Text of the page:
“Game six or seven, we knew, … ‘We have something special,’ ” Daniels said. “Everybody at that moment was playing really well and we were getting along very well, but we also had two of the best players in the league. … That’s a recipe for another championship.
“To know that you’re a part of something like that is something that you didn’t want to take for granted, so everybody would come in every single day working their tails off.”
James set the tone.
“He’s the first person in the gym every morning, and he’s the last person to leave the gym every day,” Daniels said. “It’s unbelievable, the type of work that he puts in.
“If you had told me I’d be playing with LeBron James when I was a freshman at VCU, I would’ve told you you’re crazy. When you’re in that locker room and when you’re actually on that court playing with him, … that’s crazy.”
Daniels also got to know the personal side of James.
“He’s obviously a huge icon, but he’s also a fun, normal guy,” Daniels said. “He loves music, he loves to have fun and joke.”
Daniels clicked with the entire team.
“The bond that we created this season with the Lakers was something that I’ve never seen before,” he said. “We went to the movies together. We went to dinner together. We had a group [text] chat that we ran; we talked every single day. … We all felt like brothers.”
Bryant, his daughter Gianna and seven others died in a helicopter crash on Jan. 26.
The Lakers were on their team plane, flying back from a game at Philadelphia, when they heard the shocking news.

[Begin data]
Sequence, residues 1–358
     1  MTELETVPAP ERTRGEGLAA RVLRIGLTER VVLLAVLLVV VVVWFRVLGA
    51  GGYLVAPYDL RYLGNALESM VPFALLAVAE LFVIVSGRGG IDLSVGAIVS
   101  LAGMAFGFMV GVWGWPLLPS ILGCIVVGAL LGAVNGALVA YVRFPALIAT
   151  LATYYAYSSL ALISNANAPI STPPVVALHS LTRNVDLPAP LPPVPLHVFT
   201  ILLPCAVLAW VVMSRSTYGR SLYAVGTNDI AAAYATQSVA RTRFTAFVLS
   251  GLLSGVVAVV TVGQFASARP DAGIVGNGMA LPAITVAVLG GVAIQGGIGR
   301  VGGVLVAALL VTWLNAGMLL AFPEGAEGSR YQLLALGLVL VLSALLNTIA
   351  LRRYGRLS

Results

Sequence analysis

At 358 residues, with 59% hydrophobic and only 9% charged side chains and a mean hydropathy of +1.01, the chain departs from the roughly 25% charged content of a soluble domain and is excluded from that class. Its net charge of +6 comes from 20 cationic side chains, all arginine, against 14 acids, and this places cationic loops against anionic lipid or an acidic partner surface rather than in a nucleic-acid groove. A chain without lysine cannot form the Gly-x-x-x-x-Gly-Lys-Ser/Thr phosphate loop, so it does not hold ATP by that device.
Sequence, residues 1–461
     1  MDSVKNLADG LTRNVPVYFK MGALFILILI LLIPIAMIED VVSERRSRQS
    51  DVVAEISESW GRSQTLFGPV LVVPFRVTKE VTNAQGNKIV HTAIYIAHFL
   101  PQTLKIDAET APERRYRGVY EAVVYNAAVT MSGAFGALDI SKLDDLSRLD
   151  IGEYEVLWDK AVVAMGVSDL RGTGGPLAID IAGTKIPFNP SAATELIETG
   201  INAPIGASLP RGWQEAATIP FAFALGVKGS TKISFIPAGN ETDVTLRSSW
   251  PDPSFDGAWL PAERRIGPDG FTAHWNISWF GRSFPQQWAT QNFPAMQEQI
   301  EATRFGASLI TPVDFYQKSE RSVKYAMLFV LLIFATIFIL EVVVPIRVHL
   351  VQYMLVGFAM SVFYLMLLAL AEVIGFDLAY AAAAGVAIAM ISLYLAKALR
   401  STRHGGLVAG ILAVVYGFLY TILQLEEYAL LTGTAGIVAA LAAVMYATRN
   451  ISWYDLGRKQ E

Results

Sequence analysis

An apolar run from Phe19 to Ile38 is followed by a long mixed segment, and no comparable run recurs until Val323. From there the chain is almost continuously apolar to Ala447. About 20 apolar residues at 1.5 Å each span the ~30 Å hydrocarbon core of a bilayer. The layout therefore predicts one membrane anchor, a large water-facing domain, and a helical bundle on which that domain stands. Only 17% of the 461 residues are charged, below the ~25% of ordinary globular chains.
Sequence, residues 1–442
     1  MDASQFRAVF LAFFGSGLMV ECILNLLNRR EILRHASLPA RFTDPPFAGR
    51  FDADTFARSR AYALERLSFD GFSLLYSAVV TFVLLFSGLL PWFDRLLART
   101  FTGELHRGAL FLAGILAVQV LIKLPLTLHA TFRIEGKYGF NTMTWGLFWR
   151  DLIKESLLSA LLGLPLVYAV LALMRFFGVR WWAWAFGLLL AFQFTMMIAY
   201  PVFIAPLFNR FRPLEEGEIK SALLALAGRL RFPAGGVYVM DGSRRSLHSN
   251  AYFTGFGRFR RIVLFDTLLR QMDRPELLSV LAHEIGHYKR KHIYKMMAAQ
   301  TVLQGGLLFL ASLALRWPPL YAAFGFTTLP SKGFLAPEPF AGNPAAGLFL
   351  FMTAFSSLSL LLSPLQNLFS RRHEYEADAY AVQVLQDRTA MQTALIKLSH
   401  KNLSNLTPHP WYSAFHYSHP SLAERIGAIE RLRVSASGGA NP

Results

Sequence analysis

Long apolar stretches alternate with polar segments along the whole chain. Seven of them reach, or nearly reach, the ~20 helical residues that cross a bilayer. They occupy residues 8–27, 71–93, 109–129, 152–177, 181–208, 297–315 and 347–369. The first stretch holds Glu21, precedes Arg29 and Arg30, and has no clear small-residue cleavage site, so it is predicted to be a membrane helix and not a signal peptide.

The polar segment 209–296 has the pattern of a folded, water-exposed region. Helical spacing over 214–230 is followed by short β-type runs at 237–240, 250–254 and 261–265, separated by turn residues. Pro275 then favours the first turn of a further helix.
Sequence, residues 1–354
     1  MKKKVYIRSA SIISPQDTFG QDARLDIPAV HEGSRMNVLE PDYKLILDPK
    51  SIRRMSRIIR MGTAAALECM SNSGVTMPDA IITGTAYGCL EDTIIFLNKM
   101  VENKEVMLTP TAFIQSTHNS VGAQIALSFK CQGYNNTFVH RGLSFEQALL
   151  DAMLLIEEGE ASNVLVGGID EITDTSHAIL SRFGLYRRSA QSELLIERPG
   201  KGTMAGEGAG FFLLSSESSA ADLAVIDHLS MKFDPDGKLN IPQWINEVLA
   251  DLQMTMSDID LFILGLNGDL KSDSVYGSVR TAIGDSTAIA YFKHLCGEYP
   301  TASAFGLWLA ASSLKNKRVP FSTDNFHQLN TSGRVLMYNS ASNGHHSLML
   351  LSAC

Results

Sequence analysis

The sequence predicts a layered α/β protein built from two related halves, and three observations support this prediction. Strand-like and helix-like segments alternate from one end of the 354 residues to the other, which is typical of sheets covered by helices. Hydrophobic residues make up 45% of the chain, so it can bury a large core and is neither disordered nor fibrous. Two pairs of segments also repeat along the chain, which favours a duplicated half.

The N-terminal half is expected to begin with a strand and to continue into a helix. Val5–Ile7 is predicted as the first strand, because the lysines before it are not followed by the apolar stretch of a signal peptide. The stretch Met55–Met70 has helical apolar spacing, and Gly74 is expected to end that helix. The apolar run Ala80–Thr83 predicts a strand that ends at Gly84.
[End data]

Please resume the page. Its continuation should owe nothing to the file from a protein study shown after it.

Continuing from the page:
“A lot of people didn’t believe it. I didn’t believe it,” Daniels said. “We got on our phones. … [Lakers coach] Frank Vogel came down the aisle and told everybody it was true.”
Daniels said that when he was younger, he always tried to learn what Bryant did to improve so that he could do the same.
“I felt like I was one of those chosen ones that could score the ball at a high level, and he was one of them, too,” Daniels said.
Daniels later played against Bryant in the NBA.
The days and weeks after Bryant’s death were tough on Daniels.
“I was always down when I walked in [the Lakers’ facility] after the tragedy happened,” Daniels said. “You’re walking in the midst of Kobe Bryant and everything he stood for. … Everything that was instilled in me, even when I grew up watching basketball — Kobe Bryant was the ultimate competitor. When you walked in, you felt that.